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2014

Issue . 60
P. 92
Features
A Farcical Moment? Nabulsi Exceptionalism and the 1908 Ottoman Revolution
ABSTRACT

Throughout the twentieth century and most

of the nineteenth, the city of Nablus (“Little

Damascus,” as coined by Maqdisi) evoked

images of soap, knafeh, and tolerance of

homosexuality. It was also a region of

sporadic rebellions by its surrounding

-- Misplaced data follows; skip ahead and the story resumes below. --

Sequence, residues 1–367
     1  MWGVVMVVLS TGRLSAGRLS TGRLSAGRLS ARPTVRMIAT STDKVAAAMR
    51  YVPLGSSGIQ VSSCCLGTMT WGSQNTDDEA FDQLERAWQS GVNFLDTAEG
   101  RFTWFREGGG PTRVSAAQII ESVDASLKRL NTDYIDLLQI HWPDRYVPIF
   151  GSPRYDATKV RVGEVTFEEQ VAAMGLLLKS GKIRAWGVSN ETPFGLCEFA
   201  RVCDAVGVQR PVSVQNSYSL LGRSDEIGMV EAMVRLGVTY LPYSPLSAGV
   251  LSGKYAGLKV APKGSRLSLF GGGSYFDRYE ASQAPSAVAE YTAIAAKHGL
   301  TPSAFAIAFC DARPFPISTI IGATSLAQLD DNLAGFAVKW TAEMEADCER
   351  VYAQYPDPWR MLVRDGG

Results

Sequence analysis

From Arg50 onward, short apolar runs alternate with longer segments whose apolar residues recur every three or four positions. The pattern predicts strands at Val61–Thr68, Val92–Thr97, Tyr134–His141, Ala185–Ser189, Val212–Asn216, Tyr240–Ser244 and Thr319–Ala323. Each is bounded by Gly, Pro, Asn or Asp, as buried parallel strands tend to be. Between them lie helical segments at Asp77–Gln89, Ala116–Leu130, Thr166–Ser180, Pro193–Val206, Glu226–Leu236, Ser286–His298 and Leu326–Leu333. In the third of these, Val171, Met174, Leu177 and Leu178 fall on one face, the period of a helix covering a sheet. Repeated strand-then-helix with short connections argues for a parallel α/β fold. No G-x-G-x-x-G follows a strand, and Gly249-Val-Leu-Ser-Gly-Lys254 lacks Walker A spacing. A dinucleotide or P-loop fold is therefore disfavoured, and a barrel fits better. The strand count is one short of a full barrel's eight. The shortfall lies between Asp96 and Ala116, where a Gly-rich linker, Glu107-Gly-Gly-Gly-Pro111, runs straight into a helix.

peasantry. The epitaph Jabal al-Nar, “the

Mountain of Fire” (acquired during the 1936

Revolt), has become synonymous with the

city of Nablus and its history, evoking the

1834 rebellion of Qasim al-Ahmad against

the Egyptian armies of Ibrahim Pasha as

well as a series of revolts that punctuated

the Ottoman, Mandate, and Israeli periods

after that.1 Ahmad’s peasant rebellion is

often seen, with some exaggeration, as a

turning point in the formation of Palestinian

nationalism and a separatist Palestinian

identity.